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Golf Australia Express : GA Express 195
SERGIO GARCIA SEVE BALLESTEROS IN THE spirit of Seve, Garcia has always had a knack for making the seemingly impossible happen. At the 1999 PGA Championship at Medinah, he found his ball nestled against a red oak tree beside the 16th fairway. With little regard for his safety, but with the chance to win his first major, the 19-year-old blasted a six-iron for the ages. The vision of Garcia sprinting up the fairway to check his ball’s fate is one of the lasting images of that event. ANYTHING you can do, I can do better. Not to be outdone by Ballesteros’ shot from his knees through the trees some years earlier, Garcia proved his ingenuity – and climbing skills – by hoisting himself up into a tree to hit a ball that became lodged there during the 2013 Arnold Palmer Invitational. Not only did he hit the ball with just one hand on his club, he did it facing backwards, yet still managed to find the fairway. GARCIA has always had a love-hate relationship with his equipment, though blaming his shoe for a sprayed shot at the 1999 World Matchplay Championship was beyond crazy. Garcia’s foot slipped at impact, causing the wayward drive, so he hurled his footwear into the crowd. When it was then thrown back to him, he kicked at it with his other shoe, narrowly missing the match referee. Suffice to say, he went on to lose. ONLY Seve could create a highlight when he’s not even hitting a shot. At the 1991 Volvo PGA Championship the Spaniard had taken things down to the wire at the 17th hole, and was feeling the pressure. But when a fan flinched as he prepared to hit his approach shot, he stepped away from the ball and offered the classic line: “Stay still, if you don’t mind. I know you are nervous, but I am, too.” GEOFF Ogilvy once said his first port of call when he made his debut at Royal Lytham and St Anne’s was to head straight to swale beside the 18th green where Ballesteros hit his famous chip to secure the 1988 Open Championship. Having flown the green, Ballesteros needed to chip closely to ensure Nick Price couldn't catch him. Unflustered, he played one of the great touch shots, kissing the edge of the cup and coming to rest only tap-in distance away, sealing one of his three Open titles. BALLESTEROS brought plenty of players and fans to their knees with his almost unrivalled array of shots, but for sheer skill it’s hard to go past his effort at the sixth hole at the 1997 Open de France, where he sunk to his knees in order to hit one of his woods between some trees. WATCH IT IN THIS VIDEO WATCH IT IN THIS VIDEO WATCH IT IN THIS VIDEO WATCH IT IN THIS VIDEO WATCH IT IN THIS VIDEO WATCH IT IN THIS VIDEO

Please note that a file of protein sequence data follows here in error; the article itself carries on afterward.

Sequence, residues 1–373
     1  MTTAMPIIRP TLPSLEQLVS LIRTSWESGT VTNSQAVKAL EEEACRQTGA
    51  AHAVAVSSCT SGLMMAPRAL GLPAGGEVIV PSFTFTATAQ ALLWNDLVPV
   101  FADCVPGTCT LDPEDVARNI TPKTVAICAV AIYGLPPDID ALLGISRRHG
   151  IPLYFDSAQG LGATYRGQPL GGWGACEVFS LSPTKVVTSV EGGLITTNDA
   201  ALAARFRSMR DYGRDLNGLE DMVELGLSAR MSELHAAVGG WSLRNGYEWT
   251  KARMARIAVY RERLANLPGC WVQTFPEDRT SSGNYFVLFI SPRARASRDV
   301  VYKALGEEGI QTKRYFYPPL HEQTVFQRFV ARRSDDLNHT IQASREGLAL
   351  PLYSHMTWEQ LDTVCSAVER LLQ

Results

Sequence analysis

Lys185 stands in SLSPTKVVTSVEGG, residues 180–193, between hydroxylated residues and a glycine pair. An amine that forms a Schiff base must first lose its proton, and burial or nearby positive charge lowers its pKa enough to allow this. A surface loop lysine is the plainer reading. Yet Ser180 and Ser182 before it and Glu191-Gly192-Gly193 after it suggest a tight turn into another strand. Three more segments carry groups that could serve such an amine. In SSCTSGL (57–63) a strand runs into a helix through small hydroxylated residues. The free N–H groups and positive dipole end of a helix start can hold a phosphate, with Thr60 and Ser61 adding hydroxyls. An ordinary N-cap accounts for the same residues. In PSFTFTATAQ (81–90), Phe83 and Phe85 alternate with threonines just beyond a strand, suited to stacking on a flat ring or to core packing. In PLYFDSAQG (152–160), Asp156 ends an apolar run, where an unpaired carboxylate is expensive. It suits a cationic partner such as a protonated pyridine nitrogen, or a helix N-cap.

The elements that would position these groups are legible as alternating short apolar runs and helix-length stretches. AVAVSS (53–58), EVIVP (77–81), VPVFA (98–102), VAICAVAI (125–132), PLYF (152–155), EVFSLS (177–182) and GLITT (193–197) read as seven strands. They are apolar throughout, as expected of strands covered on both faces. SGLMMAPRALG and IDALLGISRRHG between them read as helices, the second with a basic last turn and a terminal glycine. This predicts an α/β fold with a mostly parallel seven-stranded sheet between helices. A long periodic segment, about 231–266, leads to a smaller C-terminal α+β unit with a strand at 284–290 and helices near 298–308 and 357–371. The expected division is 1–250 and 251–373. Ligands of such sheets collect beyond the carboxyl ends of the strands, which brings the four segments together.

GA Express 194
GA Express 196